The PBA and Bloomberg’s Folly: The Other Shoe Drops

Just before his re-election, Mayor Bloomberg and the Patrolmen's Benevolent Association reached a contract in arbitration that offset, in part, the soaring cost of police pensions by reducing the pay of new officers by 40%, to just $25,100. Similar contracts were reached with other unions, which then did not oppose the Mayor’s re-election. Those unaware of the history of such things might have assumed that the Mayor had imposed harsh terms. In fact, however, public employee unions always try to get better pensions, and to increase the pay of those about to retire upon which the pensions are based. And they always, time after time, eagerly agree to lower pay and benefits for future employees — the very employees the government will need to hire in the future to continue to provide services — so the new hires can be held hostage later. One might have thought that the 40% cut in starting pay for police and fire, and 15% cut in pay for most other titles, was a union proposal in exchange for higher benefits for those with seniority. But in fact it was the Mayor’s idea and the unions — “please don’t throw me in that briar patch” — gladly accepted.

Sure enough, the City of New York is having trouble recruiting police officers. And in a February 15th article in the Daily News the other shoe dropped — the head of the PBA made it clear that the union is opposed to higher pay for new recruits unless a big increase (perhaps 40%?) is provided in the final salary of those about to retire as well. Patrick Lynch must be a very disciplined man to have been able to get through writing that essay while laughing his head off.

Disingenuously, Lynch claims that having a higher final salary will keep existing officers on the force. The most lucrative thing about being a police officer, however, is that you can turn the existing $59,000 salary (plus whatever inflation adjustment the police are due) into almost $30,000 in pay for nothing, and then go out and get another job on top of that. And the former officer can go for maximum cash pay in the new job, because health benefits and retirement benefits are already covered by the City of New York. Raising the pay to stay means, necessarily, raising the bonus for leaving. And while some officers do leave, mid-career, for better paying police departments in the suburbs, pay isn’t the only reason. Doing so also reduces their commute.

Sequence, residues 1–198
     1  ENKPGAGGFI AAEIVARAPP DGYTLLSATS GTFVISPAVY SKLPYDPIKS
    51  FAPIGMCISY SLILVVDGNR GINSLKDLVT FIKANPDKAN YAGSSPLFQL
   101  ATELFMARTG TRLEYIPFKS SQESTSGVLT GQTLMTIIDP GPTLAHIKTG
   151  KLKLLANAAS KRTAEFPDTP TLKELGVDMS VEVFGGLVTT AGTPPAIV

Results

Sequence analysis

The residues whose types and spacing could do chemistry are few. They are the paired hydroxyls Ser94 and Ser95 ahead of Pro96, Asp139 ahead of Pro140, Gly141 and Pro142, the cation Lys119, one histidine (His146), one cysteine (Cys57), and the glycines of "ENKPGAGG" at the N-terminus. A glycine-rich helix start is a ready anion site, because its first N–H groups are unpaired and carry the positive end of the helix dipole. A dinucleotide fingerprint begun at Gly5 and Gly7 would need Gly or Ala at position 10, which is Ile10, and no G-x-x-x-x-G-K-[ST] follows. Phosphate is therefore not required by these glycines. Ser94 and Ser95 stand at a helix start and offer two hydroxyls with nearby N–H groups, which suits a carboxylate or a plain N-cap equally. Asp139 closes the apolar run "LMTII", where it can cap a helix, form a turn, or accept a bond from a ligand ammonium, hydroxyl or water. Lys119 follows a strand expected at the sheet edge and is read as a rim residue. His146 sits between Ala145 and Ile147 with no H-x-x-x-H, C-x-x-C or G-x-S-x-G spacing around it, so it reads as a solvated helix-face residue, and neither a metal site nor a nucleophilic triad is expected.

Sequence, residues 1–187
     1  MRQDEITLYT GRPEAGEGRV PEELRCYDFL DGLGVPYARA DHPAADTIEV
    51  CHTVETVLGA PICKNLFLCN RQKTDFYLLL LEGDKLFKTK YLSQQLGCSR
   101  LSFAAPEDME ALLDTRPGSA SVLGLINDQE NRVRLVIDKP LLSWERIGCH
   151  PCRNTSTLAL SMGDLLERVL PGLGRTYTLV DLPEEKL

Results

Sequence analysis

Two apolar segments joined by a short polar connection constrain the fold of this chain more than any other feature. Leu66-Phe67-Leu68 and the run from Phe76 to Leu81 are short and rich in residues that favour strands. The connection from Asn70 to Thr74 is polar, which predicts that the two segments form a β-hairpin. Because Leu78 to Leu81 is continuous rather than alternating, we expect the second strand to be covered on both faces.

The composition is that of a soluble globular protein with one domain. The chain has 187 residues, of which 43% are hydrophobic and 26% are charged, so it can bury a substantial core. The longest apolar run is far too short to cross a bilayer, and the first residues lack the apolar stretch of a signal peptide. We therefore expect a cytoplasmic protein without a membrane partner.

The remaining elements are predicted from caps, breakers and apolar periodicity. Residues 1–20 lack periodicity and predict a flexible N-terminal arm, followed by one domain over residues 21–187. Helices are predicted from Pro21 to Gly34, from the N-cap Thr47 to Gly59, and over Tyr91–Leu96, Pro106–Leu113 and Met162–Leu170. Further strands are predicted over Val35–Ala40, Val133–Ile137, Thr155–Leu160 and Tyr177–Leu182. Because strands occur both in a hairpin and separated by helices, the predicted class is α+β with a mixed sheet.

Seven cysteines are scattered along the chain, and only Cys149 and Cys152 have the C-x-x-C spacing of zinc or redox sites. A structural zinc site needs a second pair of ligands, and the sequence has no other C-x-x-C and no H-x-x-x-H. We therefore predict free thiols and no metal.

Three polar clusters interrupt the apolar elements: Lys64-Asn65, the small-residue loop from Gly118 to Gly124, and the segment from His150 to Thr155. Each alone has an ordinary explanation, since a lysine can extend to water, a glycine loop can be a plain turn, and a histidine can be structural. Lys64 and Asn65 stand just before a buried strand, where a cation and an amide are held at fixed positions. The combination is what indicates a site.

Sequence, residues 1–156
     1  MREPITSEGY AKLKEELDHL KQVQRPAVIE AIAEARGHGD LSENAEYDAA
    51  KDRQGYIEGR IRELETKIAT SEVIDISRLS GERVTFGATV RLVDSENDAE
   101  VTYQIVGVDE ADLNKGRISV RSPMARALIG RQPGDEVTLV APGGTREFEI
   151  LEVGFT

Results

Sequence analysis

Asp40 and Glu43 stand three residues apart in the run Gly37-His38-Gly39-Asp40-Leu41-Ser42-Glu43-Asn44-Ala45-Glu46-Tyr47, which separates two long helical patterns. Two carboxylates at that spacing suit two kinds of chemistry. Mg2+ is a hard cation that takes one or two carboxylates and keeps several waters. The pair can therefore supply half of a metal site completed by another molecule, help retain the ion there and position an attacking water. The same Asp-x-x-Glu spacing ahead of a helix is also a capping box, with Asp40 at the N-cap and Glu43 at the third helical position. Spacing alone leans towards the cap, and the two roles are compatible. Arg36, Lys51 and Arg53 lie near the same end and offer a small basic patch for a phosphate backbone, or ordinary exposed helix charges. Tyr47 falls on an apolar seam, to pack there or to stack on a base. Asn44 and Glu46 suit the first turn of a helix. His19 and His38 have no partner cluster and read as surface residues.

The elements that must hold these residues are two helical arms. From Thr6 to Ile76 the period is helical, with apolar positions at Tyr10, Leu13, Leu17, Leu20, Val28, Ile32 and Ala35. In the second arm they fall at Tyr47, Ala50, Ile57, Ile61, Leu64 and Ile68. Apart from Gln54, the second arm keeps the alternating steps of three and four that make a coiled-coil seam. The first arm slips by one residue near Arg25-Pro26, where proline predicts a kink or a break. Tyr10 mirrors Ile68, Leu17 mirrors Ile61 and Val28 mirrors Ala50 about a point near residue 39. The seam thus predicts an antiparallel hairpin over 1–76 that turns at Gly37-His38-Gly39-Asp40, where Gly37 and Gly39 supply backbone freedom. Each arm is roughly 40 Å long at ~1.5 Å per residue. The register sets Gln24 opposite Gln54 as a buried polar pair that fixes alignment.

For the sake of argument, however, I’ll take Lynch at his word, and agree that the police should be paid more — if they spend less time being paid to do nothing in retirement. This could be arranged if pay increased by, say, $2,000 per year for each year on the force beyond the 20th. Of course, the older officers would have to prove they could still do the job, by passing the physical tests in that year and every few years thereafter. Perhaps those tests could even be a little easier for, say, detectives, or even for other officers whose experience might offset lost strength and speed.